We can expect, at low-frequency, to have conventional-transformer-current in both style baluns (more so with the Ruthroff-balun) and there is little that can be done to prevent it at low-frequencies.
The coil’s inductive-reactance can be increased by adding more turns and/or by using a higher permeability and/or by increasing the core’s cross-section area (eg. stacking cores).
It is desired for both the Guanella (current) and Ruthroff (voltage) baluns to transfer energy by transmission-line mode.

Quote
But the Guanella current balun designs are such that they don't require a large part of the energy being transferred from the unbalanced side to the balanced side, or vice-versa, to go through the magnetic balun core.
The core only exists to reduce common-mode RF.
KM3K: IMHO the word “only” should be removed.
Sevick has a plot showing a core greatly improves the overall frequency-response but inexplicably he does not explain the mechanism to account for this improvement.
I'd like to know why this improvement happens.
Although I've had a course in "EM-fields" (and passed it Smiley), I feel I don't have the smarts to figure this out.

Quote
This is what I think you were trying to say about flux-linkages and such in a TLT.
For example, consider the classic 4:1 Rothroff balun that consists of a bifilar wire winding on a powdered-iron toroid core, with the windings connected series-aiding and the center-tap so produced being grounded.
It's the kind of balun commonly supplied and used with amateur-radio HF Transmatches of many kinds for at least 40 years.
KM3K: OK; I have no experience with this. 

Quote
In such a balun, the unbalanced side is connected to ground and one ungrounded winding end, while the balanced side is connected across both ungrounded winding ends.
The 4:1 ratio results from the 2:1 turns ratio squared.
The only way for the desired RF energy to get from one ungrounded winding end to the other is through the balun winding and core. Otherwise there's no path.
KM3K: This is a less efficient way (means it loses power) because it uses flux-linkages.
A better way is to use the transmission-line mode.

Quote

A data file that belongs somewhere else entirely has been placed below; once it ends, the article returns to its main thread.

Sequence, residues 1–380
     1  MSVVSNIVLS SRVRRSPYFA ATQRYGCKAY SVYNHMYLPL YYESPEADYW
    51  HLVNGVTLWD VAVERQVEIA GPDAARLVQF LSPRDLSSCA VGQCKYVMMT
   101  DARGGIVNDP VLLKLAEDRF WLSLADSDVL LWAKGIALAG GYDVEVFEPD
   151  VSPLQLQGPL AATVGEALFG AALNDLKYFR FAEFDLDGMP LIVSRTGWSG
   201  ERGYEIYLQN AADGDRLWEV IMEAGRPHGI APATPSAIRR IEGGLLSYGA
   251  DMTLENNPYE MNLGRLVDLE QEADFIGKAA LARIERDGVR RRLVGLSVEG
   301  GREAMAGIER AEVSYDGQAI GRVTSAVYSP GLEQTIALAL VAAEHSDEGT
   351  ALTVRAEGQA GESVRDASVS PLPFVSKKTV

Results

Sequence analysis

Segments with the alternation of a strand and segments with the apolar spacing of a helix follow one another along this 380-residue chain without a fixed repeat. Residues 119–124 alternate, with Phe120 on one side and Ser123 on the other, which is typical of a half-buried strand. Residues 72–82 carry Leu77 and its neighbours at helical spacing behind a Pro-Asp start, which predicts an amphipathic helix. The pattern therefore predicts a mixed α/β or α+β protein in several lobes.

The Rothroff balun under consideration deals with common-mode *voltages* on the balanced side by shorting them to ground. This happens because the bifilar winding impedances essentially cancel each other out in the common mode.
KM3K: Actually, the common-mode-current is reduced by the winding’s inductive-reactance.
Now about the 'cancel each other'....not so. 

Quote
Now consider the Guanella balun that consists of a coax cable winding on a powdered-iron or ferrite toroid core.
It's the kind of balun you showed in the links.
In such a balun, the desired RF energy gets from one end to the other *inside*the coax.
The balun core has no effect because it's outside the coax.
KM3K: As noted above earlier, the core, for reason(s) not explained by W2FMI (SK), is needed to enhance the balun’s efficiency over a greater frequency range.

Quote
The Guanella balun under consideration deals with common-mode *currents* on the balanced side by presenting them with a very high impedance to ground.
This happens because the common-mode currents have to deal with the impedance produced by winding the coax on the toroid core.   
KM3K: strike-out “on the balanced side” and IMHO you’ve got it.

Quote
Which balun to use depends on the application.
KM3K: As I’ve written in another posting elsewhere, for a one-time application, unless limited by size, cost, or weight, my choice is a Guanella-balun.
To me, it seems like a Philadelphia lawyer is needed to sort thru the many restrictions on when to use a Ruthroff-balun.
Sure, there may be a Ruthroff-balun that’ll work but I ask myself if it is worth the hassle.
If I can afford it, I’d go with the safety of the Guanella-balun and move on.

73 de Jerry KM3K